Line dies are employed for low-volume part production or extensive parts that cannot fit on a single press. A single feature is included at each station as the workpiece is moved between them. Combination dies enable multiple operations to be completed in a single pressing.
It possesses several advantages, including:
- Faster production – Numerous cuts can be produced using various dies.
- Placing the blank – Placing and moving the blank is simple. It is easily able to be flipped, turned, and moved.
- Produces complex geometries without the requirement for further computations or modifications.
- Die handling is more accessible and less expensive thanks to the reduced weight of dies.
- Tooling is more compact and easily accessible.
Some drawbacks of this process are:
- Machine restrictions – Combination dies cannot be loaded on all presses.
- Line die processing creates one part at a time, which makes it slower and much more time-consuming than progressive die stamping.
- Turnaround times – There is little production volume and little turnaround time.
- Costs – When multiple machines are required to perform a process, labor costs will rise since an operator must maintain and control each piece of equipment.
Compound Die Stamping
In compound die stamping, steel strips are run through a compound die that simultaneously cuts or punches out a portion. A knock-out ejects the part as the steel strip keeps feeding into the die. The method lowers labor costs and leads time by producing parts at a rate of over 1000 per hour in a matter of seconds.
Multiple dies are not necessary with the compound die stamping method, which lowers the cost of stamping. Consistency and other factors such as accuracy, flatness, and dimensional stability are guaranteed when only one die is used. Compound die stamping was chosen because it can cut costs and waste, which are very important in today’s industry.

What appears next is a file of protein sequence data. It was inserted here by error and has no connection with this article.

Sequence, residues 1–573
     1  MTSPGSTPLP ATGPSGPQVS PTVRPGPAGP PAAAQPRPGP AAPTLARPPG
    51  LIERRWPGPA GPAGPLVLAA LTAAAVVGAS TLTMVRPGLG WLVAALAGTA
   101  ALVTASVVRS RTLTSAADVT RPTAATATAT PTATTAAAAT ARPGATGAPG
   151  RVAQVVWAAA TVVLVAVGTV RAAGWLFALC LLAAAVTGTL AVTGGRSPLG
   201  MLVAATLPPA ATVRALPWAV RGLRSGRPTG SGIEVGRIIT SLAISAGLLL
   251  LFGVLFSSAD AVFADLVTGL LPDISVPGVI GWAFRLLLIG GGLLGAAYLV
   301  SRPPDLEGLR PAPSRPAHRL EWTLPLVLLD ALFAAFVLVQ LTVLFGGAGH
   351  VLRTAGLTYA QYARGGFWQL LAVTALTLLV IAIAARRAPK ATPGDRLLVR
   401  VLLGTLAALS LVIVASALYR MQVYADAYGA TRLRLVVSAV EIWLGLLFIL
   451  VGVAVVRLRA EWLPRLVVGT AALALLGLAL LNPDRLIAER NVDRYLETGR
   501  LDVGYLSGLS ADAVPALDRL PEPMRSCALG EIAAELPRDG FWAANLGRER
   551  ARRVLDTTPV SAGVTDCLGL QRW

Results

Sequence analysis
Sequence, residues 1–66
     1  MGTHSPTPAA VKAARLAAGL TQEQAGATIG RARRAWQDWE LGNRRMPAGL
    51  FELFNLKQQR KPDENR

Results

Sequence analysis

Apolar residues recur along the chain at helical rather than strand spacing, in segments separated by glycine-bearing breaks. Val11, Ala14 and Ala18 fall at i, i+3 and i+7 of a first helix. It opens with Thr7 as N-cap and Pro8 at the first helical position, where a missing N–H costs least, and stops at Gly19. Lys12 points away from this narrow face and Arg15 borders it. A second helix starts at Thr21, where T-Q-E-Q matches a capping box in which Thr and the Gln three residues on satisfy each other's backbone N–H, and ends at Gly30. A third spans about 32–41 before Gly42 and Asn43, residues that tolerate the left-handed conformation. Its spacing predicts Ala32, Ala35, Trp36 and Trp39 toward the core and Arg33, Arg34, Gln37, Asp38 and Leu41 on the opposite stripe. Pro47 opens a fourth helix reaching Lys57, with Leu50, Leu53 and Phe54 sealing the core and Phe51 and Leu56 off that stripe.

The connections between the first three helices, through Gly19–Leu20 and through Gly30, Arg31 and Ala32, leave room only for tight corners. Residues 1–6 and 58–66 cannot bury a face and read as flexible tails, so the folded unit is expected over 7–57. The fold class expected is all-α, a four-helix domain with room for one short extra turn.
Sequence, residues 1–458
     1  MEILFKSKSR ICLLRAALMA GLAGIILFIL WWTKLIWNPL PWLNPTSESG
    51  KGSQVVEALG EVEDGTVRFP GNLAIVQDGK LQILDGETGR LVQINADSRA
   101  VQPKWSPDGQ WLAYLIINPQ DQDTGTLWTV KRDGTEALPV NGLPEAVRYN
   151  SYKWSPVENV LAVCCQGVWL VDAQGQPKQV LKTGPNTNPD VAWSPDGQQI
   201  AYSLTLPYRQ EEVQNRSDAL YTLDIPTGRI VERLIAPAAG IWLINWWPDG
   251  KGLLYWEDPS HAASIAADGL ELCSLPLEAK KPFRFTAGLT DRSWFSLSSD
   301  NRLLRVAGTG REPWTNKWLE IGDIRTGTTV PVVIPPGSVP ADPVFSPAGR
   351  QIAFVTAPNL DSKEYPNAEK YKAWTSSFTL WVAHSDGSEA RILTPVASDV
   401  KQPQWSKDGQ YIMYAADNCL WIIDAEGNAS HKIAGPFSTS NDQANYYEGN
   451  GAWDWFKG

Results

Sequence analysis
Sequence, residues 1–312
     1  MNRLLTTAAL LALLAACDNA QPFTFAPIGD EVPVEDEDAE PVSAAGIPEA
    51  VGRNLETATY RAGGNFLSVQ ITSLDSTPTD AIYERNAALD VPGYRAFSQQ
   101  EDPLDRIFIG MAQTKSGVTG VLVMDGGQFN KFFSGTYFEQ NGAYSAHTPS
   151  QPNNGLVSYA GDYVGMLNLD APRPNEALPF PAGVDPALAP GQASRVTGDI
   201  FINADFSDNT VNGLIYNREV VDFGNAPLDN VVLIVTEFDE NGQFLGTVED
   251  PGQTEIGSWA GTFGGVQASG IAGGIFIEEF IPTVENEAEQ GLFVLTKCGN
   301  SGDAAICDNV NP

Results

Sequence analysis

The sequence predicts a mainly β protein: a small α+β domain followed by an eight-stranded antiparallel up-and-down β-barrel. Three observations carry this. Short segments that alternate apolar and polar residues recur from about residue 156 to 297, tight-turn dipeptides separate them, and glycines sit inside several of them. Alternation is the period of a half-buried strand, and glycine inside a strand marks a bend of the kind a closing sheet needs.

Some Advantages of this process include:
- Effectiveness – Compound dies to eliminate the need for several dies by cutting intricate sections in a single pass.
- Less Expenditure – Compound dies stamping produces parts fast, which reduces production costs and time.
- Speed: Compound dies stamping can manufacture over 1000 parts per hour and produce parts in only a few seconds.
- Repeatability is ensured in compound die stamping by using a single die, which results in identically sized and shaped parts every time.
Some Disadvantages comprise of:
- Tool development is expensive since it takes time and money.
- Unsuitable for Short Runs – It is not appropriate for small part runs due to the expense of tool development.
- Post-process finishing is necessary because of the force of compound die stamping and includes deburring, clamping, and polishing.
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